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The United States has a long history of welcoming people from other countries and cultures. But before they can be welcomed officially in the form of citizenship, newcomers must pass the test.
Proctored by U.S. Citizenship and Immigration Services, the U.S. Citizenship test include a civics section with 100 potential questions. Hopefuls are asked only 10, of which they must answer 6 questions correctly to pass. A 10-question test where you get to see the questions beforehand sounds simple, right? Take a look through the study materials provided by USCIS and you will know that’s not the case.
The civics portion of test covers a wide breadth of material that American-born students learn over many years of schooling, from the basics of the Constitution to colonial history to U.S. geography. Test takers must make sense of, memorize, and be comfortable speaking about all of those topics. For non-native English speakers, this is in many ways an advanced English exam that also tests their civic knowledge.
That’s why we’re stepping in to help hopeful future citizens prepare.
Created with the input of ESL professionals and public librarians, our American Citizenship Test prep course is designed with the goal of preparing test takers to comfortably answer all 100 civics questions. More than that, the course is intended to truly teach learners about the American government, history, and culture, including key vocabulary words.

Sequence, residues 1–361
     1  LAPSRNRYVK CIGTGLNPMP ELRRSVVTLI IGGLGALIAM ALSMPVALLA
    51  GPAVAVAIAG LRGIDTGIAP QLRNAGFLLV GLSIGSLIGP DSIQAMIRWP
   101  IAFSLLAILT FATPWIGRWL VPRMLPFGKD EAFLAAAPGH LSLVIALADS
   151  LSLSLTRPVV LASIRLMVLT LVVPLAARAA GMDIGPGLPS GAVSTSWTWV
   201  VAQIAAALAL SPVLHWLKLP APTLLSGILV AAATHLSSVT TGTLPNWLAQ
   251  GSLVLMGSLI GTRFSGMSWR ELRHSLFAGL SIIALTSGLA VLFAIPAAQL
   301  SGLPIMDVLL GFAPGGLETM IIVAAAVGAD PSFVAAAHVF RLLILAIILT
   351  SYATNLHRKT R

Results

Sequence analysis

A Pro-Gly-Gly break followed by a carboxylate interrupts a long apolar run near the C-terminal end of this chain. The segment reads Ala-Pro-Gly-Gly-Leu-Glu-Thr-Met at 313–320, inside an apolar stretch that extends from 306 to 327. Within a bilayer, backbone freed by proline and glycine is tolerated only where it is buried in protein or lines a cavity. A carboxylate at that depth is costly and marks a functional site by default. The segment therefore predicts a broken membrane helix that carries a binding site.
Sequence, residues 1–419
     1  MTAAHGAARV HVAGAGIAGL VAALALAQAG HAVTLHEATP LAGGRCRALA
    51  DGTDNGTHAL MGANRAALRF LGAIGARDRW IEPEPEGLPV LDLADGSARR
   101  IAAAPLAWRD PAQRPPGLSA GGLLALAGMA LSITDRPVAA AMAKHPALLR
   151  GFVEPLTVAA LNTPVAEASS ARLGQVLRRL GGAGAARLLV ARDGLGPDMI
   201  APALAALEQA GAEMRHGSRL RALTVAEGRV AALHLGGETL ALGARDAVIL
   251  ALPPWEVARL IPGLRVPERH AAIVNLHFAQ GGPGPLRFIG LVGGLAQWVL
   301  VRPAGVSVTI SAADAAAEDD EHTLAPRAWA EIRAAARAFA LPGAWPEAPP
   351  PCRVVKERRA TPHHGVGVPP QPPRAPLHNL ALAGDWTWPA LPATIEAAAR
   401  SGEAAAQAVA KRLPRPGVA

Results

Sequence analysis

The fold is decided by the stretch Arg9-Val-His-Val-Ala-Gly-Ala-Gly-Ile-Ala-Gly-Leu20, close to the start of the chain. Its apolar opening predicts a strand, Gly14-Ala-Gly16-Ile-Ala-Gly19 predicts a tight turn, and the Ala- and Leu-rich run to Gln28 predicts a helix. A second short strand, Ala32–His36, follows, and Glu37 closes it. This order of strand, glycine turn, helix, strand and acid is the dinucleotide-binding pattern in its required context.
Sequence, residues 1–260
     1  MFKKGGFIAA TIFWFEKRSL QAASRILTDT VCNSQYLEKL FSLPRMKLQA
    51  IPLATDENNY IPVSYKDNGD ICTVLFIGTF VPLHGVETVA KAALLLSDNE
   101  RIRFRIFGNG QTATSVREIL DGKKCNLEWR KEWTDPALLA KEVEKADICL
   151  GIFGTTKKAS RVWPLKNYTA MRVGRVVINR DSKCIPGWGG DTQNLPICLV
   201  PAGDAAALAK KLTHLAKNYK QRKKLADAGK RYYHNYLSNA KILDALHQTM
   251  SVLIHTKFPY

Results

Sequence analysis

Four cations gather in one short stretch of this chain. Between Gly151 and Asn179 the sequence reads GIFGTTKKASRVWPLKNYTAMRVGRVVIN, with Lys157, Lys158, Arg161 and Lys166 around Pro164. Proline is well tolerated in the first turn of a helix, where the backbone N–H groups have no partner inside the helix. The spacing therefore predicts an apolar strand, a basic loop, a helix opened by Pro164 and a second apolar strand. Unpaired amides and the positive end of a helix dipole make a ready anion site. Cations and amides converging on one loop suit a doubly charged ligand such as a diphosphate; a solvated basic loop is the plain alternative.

The course is divided into six topical lessons, covering all the core subjects presented in the American Citizenship Test:
Each unit is further broken down into short, easily digestible lessons, supported by a suite of vocabulary and comprehension activities. The course leverages repetition to aid in memorization—throughout each lesson, learners encounter the same vocabulary and test questions in various written and spoken formats:
Lesson Text: Short texts (with accompanying audio) introduce and explain the topic, providing much-needed context to the test questions. Learners must correctly answer a series of comprehension questions at the end of the text before moving on.
Preview It, Recognize & Say It, and Produce & Say It: These three flashcard-style activities drill core vocabulary learners will need to understand and answer questions about the topic.
Matching: As the activity name suggests, learners match vocab and other key phrases with the blanks in corresponding sentences about the lesson topic.
Conversation Practice: To simulate the test experience, learners will hear actual test questions related to the lesson topic. They will also see and hear the answer and can practice recording themselves saying it. The hope is learners will practice their pronunciation and become comfortable speaking the answers out loud.
What Would You Say?: The final activity is one last comprehension check. Learners will once again see actual test questions and must choose the correct answer.
Libraries subscribed to Transparent Language Online already have access to the course in the “English for All” section. Test takers can search their zip code to find a participating library nearby. (No library nearby? You can also preview the course in the free trial.)
Libraries interested in offering this course to their patrons can learn more about Transparent Language Online for Libraries—including our other ESL materials—and contact us for a demo.